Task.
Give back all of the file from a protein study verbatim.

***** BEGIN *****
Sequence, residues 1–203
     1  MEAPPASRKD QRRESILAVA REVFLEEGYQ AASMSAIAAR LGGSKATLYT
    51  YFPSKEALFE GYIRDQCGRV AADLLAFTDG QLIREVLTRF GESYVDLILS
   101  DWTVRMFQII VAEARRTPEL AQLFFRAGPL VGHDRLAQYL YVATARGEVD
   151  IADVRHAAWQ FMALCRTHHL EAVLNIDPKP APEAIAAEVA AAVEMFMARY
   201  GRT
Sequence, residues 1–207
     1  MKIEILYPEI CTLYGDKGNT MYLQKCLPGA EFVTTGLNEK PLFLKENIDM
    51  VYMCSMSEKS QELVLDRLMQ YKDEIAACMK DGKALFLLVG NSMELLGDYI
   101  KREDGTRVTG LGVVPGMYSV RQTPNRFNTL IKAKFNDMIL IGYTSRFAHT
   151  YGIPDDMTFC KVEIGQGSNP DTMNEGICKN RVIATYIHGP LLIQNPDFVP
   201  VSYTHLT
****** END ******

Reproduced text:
Sequence, residues 1–203
     1  MEAPPASRKD QRRESILAVA REVFLEEGYQ AASMSAIAAR LGGSKATLYT
    51  YFPSKEALFE GYIRDQCGRV AADLLAFTDG QLIREVLTRF GESYVDLILS
   101  DWTVRMFQII VAEARRTPEL AQLFFRAGPL VGHDRLAQYL YVATARGEVD
   151  IADVRHAAWQ FMALCRTHHL EAVLNIDPKP APEAIAAEVA AAVEMFMARY
   201  GRT
Sequence, residues 1–207
     1  MKIEILYPEI CTLYGDKGNT MYLQKCLPGA EFVTTGLNEK PLFLKENIDM
    51  VYMCSMSEKS QELVLDRLMQ YKDEIAACMK DGKALFLLVG NSMELLGDYI
   101  KREDGTRVTG LGVVPGMYSV RQTPNRFNTL IKAKFNDMIL IGYTSRFAHT
   151  YGIPDDMTFC KVEIGQGSNP DTMNEGICKN RVIATYIHGP LLIQNPDFVP
   201  VSYTHLT